How should financial advisors behave?
They should try, as written above, to determine the strategic asset allocation best suited to the specific risk appetite of the client, defining its risk aversion but also his or her ability to take risks or risk capacity, which is primarily determined by its level of wealth.
If a future financial goal is difficult to achieve with the identified asset allocation, the advisor should suggest remedies, which can be, for example, a scheduled program to increase the savings rate over time that mends the cognitive biases of individuals (such as, something like Save More Tomorrow plan created by Benartzi and Thaler).
Only if the advisor’s client is particularly different from the average investor, especially because of the characteristics of its income and therefore of his or her human capital (defined as the present value of labor income), it is useful to consider also some tactical asset allocation.
What is the role of human capital in the financial planning?
It changes the order of critical financial decisions, as the human capital of an individual is comparable to a typical financial asset; the only difference, though not negligible, is that it is not immediately exchangeable or tangible. Through the approach of the human capital (opposite to the more common needs-based analysis), it is clear that human capital should enter in financial planning, because it is a new asset to consider and therefore to protect.
What is the monetary value of life?
As with other forms of insurance, the value of a worker should be determined using the market price of the potential loss. Therefore, the value of insurance protection must take account of all income streams that the worker is potentially able to generate in the future, net of taxes and expenses necessary to deliver them.
In this way, the human capital of a worker can be worth several hundred thousand euros. The human capital of a young man, especially if graduated, is tens of times his current income.
Losing the possibility to generate future income, due to a premature death or total and permanent disability, represents a Low Probability High consequences (LPHC) event, the typical event to insure.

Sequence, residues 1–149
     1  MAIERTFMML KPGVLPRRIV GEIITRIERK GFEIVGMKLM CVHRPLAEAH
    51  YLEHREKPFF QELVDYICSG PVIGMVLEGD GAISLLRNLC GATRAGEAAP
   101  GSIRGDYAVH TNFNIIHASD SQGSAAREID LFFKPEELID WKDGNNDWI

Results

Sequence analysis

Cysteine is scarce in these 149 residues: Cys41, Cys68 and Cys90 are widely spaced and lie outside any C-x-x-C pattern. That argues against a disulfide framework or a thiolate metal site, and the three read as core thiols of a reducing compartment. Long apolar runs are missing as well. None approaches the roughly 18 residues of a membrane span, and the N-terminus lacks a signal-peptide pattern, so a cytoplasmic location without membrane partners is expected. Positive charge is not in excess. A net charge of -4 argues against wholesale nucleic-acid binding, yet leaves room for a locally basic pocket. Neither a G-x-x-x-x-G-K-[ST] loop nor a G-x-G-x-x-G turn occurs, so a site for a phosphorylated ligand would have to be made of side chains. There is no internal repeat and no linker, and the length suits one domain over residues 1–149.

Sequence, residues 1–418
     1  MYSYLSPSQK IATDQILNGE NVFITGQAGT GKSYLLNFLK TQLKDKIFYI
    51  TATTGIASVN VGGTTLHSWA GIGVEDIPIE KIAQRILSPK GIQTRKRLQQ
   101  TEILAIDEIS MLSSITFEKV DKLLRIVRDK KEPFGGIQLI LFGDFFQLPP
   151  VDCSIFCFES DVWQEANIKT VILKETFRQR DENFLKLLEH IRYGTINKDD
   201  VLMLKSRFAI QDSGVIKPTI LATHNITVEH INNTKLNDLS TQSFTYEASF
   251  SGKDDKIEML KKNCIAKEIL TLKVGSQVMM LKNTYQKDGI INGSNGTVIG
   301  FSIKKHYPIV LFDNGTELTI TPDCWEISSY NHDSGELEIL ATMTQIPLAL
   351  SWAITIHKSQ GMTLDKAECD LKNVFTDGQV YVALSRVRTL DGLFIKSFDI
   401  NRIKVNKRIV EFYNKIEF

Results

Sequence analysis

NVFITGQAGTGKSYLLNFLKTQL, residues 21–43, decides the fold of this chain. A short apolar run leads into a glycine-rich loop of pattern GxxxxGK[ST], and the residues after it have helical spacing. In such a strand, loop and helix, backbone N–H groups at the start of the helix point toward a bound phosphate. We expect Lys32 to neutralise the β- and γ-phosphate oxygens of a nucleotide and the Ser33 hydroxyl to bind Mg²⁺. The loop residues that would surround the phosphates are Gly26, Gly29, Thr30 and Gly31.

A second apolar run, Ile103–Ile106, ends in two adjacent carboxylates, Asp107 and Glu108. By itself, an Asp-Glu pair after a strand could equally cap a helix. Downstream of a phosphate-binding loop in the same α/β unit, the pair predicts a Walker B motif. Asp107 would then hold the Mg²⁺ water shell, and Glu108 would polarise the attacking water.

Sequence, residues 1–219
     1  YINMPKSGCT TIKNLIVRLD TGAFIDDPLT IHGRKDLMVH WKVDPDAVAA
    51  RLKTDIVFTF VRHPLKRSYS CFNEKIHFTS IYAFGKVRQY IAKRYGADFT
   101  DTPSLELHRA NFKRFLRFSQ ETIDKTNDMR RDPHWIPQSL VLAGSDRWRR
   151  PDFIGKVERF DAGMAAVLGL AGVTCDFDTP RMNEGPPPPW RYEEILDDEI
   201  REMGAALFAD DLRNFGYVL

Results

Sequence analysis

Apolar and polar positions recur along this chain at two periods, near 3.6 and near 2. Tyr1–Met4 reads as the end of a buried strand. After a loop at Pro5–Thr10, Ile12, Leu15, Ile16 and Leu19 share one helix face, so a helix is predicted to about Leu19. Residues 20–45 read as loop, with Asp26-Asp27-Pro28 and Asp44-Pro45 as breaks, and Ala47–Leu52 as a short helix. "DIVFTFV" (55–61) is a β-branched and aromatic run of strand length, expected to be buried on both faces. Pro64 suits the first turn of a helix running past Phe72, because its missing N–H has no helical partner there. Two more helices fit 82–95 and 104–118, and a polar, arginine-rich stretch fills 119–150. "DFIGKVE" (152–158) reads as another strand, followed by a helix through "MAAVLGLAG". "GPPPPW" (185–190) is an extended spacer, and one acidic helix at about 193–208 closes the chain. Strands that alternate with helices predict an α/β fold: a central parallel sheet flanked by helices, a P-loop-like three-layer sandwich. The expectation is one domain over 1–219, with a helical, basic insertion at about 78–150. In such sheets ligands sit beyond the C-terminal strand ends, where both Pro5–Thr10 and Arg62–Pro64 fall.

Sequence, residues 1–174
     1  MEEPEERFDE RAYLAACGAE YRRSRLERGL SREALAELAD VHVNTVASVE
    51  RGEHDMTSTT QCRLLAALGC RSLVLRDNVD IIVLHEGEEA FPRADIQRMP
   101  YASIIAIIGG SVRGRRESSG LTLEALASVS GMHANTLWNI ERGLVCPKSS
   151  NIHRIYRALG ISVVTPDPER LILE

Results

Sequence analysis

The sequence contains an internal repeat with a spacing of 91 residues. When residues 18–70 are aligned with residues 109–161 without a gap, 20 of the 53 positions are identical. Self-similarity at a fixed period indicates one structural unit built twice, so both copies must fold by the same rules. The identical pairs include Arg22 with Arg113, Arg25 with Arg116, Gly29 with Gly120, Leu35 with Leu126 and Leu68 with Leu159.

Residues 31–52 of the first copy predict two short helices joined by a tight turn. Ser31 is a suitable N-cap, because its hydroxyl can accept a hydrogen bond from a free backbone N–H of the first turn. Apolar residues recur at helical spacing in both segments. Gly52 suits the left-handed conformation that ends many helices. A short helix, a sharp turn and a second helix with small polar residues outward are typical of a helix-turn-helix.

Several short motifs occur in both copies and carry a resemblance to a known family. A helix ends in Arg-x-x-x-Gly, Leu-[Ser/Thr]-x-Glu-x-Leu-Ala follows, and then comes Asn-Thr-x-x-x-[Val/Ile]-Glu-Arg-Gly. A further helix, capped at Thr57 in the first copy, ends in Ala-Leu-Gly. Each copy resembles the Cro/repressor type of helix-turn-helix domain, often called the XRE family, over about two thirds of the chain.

What does this mean for the financial industry?
It means that in order to offer a comprehensive financial planning, advisors should be skilled also in the field of insurance planning, not only in the investments planning. As shown in the pyramid financial approach (see below) I created and developed over the last three years with the help of Marco Liera, insuring the human capital, choosing the right type of insurance and figuring out the amount of coverage, represent critical choices to be taken before even thinking of the asset allocation of savings. Particularly for young people, it makes no sense to worry about investments and stock market, if they have not protected their human capital, their most valuable asset.
Are there other financial decisions that we can define critical in the financial planning?
Yes, there are quite a few. Starting from the decision to buy or rent a home, to the mortgage choice (and the determination of its amount) in case the house is purchased. This is often a decision whose consequences accompany individuals for most of their working lives, until the extinction of the mortgage. It is for this reason that any error in the determination of the loan amount and especially in the type of mortgage may mark deeply the financial life of an individual. Just think of the high interest risk that typically bear borrowers who choose for an adjustable-rate mortgage.
It is possible to make a list of the most important financial decisions faced by individuals in the course of their lives (working and retirement phase)?
It is difficult, because it depends also on the country to which it refers, with the specific level of wealth and relative allocation of tangible and intangible assets.
Referring to the italian case, I believe that for young workers, the decision to protect their human capital and the mortgage choice is much more important than the asset allocation of the little savings they usually own.
It would be wise that financial planning offered integrated solution about investment, insurance and loans, through an holistic approach as shown in the picture below.
This kind of financial planning would be the perfect answer to the needs of individuals for their whole life, transforming mere consumers in customers for a life (the number one goal in marketing).
Yes, there is added value to be delivered and appropriate reward to receive in financial planning, and this has not necessarily anything to do with the search of alpha!